A very important part of Author’s Chair expectations is providing some type of guidance for classmates to give helpful feedback to those sharing.
The T.A.G method works well.
T= Tell something you liked about the writing.
A= Ask a question about the writing that will help the reader to improve it.
G= Give a suggestion about how to to make the writing better (or Give a compliment).
I provide prompts to guide students.
For “T” (Tell something you liked.), the prompts I use include…
- The way your paper begins is so interesting because…
- I enjoyed the part where…
- I like the details you used to describe…
- Great job with showing and not telling in the part about…
- Your ending was good because…
For “A” (Ask a question.), the prompts I use include…
- Could you add an example to the part about…?
- Do you think you could leave this part out because…?
- Would you consider adding a lead to “grab” the reader’s’ attention?
- Did you use a checklist after writing?
“G” (Give a suggestion or compliment.) prompts include…
- I got confused in the part about…
- I love your ending. It was so unexpected and surprising.
- I believe I have a stronger alternative for the title. Maybe you should try…
- You could add more details in the part about…
- Your paper is well-organized and flows nicely.
- The vivid details you used helped me to clearly visualize the actions in the story.
- Maybe you could “explode” one moment instead of having a “grocery list” of ideas.
- I think using a stronger verb for ________ would make your writing even more interesting!
For the T.A.G prompts, I like to use starters connected with the Six Traits of Writing framework since I integrate that writing framework most often in my teaching.
Because I use the language of 6 + 1 in my writing mini-lessons, students are already accustomed to the terms.
Consequently, it’s easier for them to give authentic feedback to peers that is actually helpful and relevant to what we’re already learning in class.
With time, learners will become better at providing good and helpful feedback.
5. Record Anecdotal Notes
This step really isn’t an Author’s Chair expectation for students, but it is helpful advice to teachers.
Occasionally, when students are sharing, I jot down anecdotal notes related to things I observe such as fluency, word choice, use of leads, and anything significant focused on the teaching objectives I’ve covered in writer’s workshop mini-lessons.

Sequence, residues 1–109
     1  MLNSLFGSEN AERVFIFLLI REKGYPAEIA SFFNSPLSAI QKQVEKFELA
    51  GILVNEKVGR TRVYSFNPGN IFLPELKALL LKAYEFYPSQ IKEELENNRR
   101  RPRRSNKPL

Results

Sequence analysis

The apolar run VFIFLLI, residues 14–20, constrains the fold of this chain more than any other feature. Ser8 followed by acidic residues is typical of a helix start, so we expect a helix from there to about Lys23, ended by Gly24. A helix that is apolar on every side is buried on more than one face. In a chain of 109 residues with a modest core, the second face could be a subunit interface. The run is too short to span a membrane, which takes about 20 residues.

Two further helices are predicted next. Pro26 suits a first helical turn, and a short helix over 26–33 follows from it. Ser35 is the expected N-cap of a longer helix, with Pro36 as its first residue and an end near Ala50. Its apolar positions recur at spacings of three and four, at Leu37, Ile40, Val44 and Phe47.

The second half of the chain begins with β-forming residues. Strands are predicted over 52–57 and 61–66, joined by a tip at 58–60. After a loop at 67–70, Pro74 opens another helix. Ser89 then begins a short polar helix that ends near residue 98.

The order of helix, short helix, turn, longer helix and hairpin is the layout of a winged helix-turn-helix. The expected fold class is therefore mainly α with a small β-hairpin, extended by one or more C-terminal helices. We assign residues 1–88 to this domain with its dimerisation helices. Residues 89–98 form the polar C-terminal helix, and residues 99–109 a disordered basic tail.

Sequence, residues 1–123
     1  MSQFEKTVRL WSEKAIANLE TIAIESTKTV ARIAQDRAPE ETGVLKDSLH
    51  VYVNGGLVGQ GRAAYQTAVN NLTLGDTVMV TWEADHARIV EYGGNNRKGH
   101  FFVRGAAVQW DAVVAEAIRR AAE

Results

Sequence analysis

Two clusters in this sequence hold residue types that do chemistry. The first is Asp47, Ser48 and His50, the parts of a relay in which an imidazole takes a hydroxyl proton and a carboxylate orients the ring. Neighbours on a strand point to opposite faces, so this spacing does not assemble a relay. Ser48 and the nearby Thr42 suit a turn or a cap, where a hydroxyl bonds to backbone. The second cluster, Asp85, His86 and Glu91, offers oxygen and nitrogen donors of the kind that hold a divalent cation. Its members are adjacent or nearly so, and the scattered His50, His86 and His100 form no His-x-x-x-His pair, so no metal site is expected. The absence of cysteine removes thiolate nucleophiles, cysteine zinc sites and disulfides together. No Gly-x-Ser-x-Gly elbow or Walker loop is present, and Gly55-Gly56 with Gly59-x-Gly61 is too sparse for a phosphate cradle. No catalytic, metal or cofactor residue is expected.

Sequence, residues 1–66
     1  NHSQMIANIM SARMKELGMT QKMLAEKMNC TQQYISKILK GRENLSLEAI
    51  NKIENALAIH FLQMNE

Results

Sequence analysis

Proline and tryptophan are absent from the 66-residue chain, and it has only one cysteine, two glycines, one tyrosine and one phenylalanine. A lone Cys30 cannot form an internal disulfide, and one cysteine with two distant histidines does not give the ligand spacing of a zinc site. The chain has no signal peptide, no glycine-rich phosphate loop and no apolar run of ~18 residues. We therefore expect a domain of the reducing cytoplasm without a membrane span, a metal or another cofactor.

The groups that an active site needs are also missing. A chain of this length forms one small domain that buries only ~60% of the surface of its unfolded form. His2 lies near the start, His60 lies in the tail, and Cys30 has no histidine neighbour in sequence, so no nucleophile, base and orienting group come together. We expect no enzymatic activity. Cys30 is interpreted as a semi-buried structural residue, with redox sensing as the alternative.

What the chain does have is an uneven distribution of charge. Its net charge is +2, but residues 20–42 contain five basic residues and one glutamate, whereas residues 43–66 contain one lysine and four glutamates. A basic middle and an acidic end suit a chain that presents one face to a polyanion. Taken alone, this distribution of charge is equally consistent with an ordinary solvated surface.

Though my goal is not to assign a formal score to their sharing of the writing, I do like the fact that over time, I have a meaningful amount of information that I can use for report card comments.
For recording data, I simply take a three-ring binder, section off a part for each student, and informally jot down any significant observations I notice while they share.
I also keep a copy of the student-sharing schedule in this binder.
I keep things simple, and it functions rather well.
6. Communicate a Risk-Taking Environment
Writing well takes a lot of hard work and includes lots of trial and error.
Communicate early in the year to students that taking risks with their writing is a good thing.
Are they eager to try new words in their writing?
A new lead they learned from a favorite independent reading book?
Various endings for a biography they’ve been writing?
Encourage them to take those risks!
Though not all of those risk ideas will find their way into students’ published works, the lessons they will have learned in the process are invaluable.
Wrapping Up Author’s Chair Expectations
These simple Author’s Chair expectations will help set the tone for a great writer’s workshop finale!
Take a look at this super short video for an explanation of the importance of author’s chair.
Establishing strong procedures and routines is a must, and the reward is fantastic writing growth of your kiddos!
Happy teaching and learning!
WHAT TO READ NEXT:
- Setting up writers workshop is easy as 1…2…3! Here are the 3 main components of writers workshop you need to hit the ground running.
- For more genius mini-lesson ideas for writers’ workshop, check out the 6+1 Traits of writing framework.